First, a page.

Sunday, January 21, 2007

The Reading Endeavour

I have argued before in this blog for a greater role for writers in the debate about how we should read fiction, and here is Zadie Smith taking that role in yesterday's Guardian, and quoting as her mentors those other great writer-critics, Nabokov, Iris Murdoch and Virginia Woolf.

This second half of Zadie's fiction 'tips' takes a little more work from the reader than last week's offering, though that's perhaps fitting in view of what she has to say about the role of the reader, and she is wrestling - with the writerly honesty which last week she advocated - with concepts which are subtle and nowadays unfamiliar.

Readers, she says, have a duty as great as that which she has outlined for writers, and of a similar nature, a duty which she feels they have generally abdicated. She identifies two kinds of contemporary 'failing' reader or critic: firstly the 'system' reader/critic:
In writing schools, in reading groups, in universities, various general reading systems are offered - the post-colonial, the gendered, the postmodern, the state-of-the-nation and so on. They are like the instructions that come with furniture at IKEA. All one need do is seek out the flatpack novels that most closely resemble the blueprints already to hand ... We want [novels] to be wholly sufficient systems of ideas ... to speak for a community or answer some vital question of the day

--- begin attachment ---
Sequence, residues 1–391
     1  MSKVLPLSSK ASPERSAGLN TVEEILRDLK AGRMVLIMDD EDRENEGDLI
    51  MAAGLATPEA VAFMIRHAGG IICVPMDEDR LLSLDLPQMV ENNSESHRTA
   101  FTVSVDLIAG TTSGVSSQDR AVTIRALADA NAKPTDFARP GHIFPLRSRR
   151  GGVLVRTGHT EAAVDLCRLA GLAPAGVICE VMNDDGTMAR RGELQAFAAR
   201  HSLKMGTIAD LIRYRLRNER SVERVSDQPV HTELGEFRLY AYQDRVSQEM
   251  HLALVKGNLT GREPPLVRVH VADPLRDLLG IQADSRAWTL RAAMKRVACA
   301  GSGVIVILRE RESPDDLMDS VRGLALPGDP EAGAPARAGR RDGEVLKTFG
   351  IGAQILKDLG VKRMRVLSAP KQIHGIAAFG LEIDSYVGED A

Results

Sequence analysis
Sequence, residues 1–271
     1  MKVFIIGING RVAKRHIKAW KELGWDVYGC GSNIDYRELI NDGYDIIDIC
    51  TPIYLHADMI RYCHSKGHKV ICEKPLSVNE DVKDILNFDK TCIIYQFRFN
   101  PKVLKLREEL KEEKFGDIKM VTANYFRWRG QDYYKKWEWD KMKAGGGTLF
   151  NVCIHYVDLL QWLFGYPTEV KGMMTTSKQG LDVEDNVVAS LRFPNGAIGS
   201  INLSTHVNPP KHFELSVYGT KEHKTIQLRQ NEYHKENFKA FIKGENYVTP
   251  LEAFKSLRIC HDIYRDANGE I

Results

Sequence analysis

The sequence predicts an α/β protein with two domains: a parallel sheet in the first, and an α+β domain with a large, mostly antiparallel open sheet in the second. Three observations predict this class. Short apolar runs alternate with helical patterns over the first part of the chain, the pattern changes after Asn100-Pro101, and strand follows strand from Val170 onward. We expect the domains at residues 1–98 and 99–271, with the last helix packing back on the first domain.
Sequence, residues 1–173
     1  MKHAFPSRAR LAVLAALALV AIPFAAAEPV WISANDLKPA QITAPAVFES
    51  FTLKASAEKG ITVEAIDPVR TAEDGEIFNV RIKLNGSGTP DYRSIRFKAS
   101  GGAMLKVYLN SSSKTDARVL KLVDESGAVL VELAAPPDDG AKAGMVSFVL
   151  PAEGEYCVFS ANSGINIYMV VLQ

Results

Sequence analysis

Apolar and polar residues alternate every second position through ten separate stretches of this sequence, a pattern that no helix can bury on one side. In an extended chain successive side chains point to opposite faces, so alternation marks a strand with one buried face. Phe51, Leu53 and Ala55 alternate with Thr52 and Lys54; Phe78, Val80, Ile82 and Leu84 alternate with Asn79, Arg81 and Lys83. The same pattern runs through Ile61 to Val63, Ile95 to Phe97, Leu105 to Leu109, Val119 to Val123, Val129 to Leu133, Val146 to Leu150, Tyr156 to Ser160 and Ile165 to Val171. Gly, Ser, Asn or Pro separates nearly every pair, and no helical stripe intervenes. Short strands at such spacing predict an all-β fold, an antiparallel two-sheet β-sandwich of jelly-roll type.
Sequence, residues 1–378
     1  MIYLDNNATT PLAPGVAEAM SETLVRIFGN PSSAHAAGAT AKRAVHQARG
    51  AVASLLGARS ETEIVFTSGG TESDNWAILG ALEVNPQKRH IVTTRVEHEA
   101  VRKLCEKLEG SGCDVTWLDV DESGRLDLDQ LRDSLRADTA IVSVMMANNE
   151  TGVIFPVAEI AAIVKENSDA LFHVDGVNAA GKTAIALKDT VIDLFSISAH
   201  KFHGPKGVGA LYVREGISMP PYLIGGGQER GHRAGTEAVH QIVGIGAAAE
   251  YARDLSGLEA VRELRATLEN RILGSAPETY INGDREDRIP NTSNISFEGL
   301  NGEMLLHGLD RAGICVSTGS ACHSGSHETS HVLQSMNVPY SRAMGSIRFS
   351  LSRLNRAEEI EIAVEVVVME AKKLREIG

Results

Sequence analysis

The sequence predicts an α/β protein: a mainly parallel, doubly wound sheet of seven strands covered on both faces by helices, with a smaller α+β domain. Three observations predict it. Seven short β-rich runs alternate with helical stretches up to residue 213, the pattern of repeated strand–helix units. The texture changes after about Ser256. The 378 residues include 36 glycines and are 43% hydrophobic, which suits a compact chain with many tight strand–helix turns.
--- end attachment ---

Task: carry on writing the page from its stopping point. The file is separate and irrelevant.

and secondly, the 'corrective' reader/critic, who more properly relates to a novel on an individual, personal level, bringing to it his own tastes and prejudices, but less properly fails to admit to himself that this is what he is doing and imagines that he is applying universal aesthetic criteria.

Both types of reader are in consequence closed to novels which fail to fulfil their respective preconditions. Ideally, she says,
Both the writer and the reader must undergo an ethical expansion - allow me to call it an expansion of the heart - in order to comprehend the human otherness that fiction confronts them with.
Like Woolf, she concedes that a perfect meeting of minds between writer and readers is of course never possible; we must always fail in the endeavour, and indeed it is this failure which makes each novel, and each reading, individual and fascinating. But it is the willingness to make the endeavour which allows us to 'fail better.'
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